Eating new transgenic rice could lower high blood pressure
We've already heard about genetically manipulated types of rice that are drought-resistant and antioxidant-rich. A new one, however, could potentially save the lives of people with high blood pressure.
A leading cause of heart disease and stroke, high blood pressure (aka hypertension) is often treated with drugs known as ACE inhibitors. These target the angiotensin converting enzyme in the patient's hormonal system – that enzyme can cause hypertension by narrowing the blood vessels. Unfortunately, though, such medications may produce unwanted side effects such as kidney impairment, rashes, headaches and dry coughs.
Foods like fish, meat, eggs, milk and some plants contain natural ACE-inhibiting peptides (amino acids), that produce fewer side effects. According to scientists from the Chinese Academy of Sciences, though, isolating large amounts of those peptides from the foods is a time-consuming and expensive process.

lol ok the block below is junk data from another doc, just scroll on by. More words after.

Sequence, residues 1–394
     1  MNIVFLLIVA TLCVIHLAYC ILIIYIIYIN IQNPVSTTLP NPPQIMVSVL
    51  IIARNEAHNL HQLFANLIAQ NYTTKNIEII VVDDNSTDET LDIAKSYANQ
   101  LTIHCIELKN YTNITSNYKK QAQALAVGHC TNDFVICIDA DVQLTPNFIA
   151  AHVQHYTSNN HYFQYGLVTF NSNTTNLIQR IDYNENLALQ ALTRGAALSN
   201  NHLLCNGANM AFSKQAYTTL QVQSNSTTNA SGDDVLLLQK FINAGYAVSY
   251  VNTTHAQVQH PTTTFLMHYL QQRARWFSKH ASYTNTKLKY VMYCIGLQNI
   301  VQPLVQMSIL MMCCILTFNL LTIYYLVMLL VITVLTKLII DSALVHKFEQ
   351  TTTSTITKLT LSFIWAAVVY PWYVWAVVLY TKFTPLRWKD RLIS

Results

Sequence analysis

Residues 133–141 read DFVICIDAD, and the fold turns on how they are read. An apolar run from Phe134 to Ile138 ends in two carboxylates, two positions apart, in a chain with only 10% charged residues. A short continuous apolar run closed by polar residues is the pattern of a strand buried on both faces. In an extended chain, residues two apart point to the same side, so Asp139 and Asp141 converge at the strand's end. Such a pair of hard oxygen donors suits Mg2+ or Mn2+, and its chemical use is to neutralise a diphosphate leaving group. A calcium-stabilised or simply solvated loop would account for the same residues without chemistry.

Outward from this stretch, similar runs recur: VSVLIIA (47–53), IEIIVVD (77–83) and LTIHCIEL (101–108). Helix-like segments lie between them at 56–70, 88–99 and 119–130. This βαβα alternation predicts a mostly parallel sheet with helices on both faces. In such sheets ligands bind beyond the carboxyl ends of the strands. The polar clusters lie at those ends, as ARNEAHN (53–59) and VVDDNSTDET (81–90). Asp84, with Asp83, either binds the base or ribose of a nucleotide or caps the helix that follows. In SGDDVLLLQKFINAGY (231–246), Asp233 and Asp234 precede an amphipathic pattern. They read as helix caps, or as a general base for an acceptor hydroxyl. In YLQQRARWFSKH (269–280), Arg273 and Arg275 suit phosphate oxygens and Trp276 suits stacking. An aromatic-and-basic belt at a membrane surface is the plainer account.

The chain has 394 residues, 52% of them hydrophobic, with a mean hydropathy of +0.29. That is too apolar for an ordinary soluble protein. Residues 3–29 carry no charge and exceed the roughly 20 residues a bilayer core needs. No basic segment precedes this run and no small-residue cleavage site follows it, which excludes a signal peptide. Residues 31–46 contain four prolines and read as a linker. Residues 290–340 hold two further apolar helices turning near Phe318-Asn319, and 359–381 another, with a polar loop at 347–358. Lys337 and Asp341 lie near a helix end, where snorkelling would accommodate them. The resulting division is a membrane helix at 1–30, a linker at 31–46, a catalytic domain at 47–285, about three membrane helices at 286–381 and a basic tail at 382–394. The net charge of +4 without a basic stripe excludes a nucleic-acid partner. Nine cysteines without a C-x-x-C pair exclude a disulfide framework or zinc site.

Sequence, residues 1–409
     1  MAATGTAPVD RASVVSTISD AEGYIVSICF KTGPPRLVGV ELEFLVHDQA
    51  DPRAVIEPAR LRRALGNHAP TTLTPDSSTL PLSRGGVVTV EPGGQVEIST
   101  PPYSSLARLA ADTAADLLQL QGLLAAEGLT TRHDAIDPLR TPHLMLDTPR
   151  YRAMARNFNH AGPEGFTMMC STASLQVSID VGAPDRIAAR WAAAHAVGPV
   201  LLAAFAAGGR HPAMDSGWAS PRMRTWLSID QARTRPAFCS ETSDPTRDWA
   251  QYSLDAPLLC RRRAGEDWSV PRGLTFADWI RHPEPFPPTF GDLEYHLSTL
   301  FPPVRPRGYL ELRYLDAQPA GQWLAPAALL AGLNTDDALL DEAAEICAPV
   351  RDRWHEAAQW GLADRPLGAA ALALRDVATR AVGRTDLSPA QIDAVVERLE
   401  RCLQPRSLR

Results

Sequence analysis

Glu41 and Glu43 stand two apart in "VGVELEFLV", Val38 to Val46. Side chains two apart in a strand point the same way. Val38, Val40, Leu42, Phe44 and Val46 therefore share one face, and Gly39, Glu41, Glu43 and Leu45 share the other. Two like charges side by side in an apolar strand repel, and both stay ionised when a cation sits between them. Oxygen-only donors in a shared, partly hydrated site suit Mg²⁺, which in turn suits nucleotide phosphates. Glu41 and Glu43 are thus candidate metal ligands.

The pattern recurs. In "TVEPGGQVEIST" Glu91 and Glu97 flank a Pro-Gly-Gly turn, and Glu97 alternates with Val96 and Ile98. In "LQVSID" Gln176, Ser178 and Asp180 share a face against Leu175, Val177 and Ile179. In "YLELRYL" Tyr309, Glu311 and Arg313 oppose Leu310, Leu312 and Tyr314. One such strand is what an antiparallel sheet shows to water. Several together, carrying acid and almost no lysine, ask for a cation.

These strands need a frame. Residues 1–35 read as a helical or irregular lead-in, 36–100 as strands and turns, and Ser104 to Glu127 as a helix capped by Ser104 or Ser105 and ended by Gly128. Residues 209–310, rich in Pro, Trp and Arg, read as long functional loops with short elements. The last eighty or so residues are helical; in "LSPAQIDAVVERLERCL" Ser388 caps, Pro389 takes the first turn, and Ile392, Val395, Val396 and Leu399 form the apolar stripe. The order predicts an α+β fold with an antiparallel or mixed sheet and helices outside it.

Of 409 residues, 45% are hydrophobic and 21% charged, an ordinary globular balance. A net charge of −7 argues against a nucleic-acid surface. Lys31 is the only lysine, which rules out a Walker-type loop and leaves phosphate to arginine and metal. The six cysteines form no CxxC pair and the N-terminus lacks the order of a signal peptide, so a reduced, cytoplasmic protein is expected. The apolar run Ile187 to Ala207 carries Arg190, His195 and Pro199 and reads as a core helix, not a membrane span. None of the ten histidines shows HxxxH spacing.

Instead, the researchers created a gene consisting of nine ACE-inhibitory peptides and one blood vessel-relaxing peptide, that were all linked together. When that gene was introduced to rice plants, the resulting transgenic rice was found to contain high levels of the peptides.
Two hours after receiving peptides extracted from that rice, hypertensive rats showed a significant decline in blood pressure. By contrast, a control group that received proteins from regular rice plants did not.
Additionally, a drop in blood pressure was observed in rats that received flour made from the transgenic rice (via stomach injections), over the course of five weeks. The effect still remained one week after the end of the treatment period, and no obvious side effects were noted.
It is now believed that if the human body reacts in a similar fashion, a 150-lb (68-kg) adult would need to consume no more than about half a tablespoon of the rice daily in order to treat and prevent hypertension.
A paper on the study was published this week in the Journal of Agricultural and Food Chemistry.
Source: American Chemical Society